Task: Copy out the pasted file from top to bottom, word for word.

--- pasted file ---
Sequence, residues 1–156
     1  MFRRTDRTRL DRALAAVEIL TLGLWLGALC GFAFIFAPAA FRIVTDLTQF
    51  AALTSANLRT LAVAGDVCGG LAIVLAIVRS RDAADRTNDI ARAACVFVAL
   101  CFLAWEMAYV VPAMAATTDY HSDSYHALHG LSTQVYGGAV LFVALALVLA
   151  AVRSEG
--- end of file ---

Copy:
Sequence, residues 1–156
     1  MFRRTDRTRL DRALAAVEIL TLGLWLGALC GFAFIFAPAA FRIVTDLTQF
    51  AALTSANLRT LAVAGDVCGG LAIVLAIVRS RDAADRTNDI ARAACVFVAL
   101  CFLAWEMAYV VPAMAATTDY HSDSYHALHG LSTQVYGGAV LFVALALVLA
   151  AVRSEG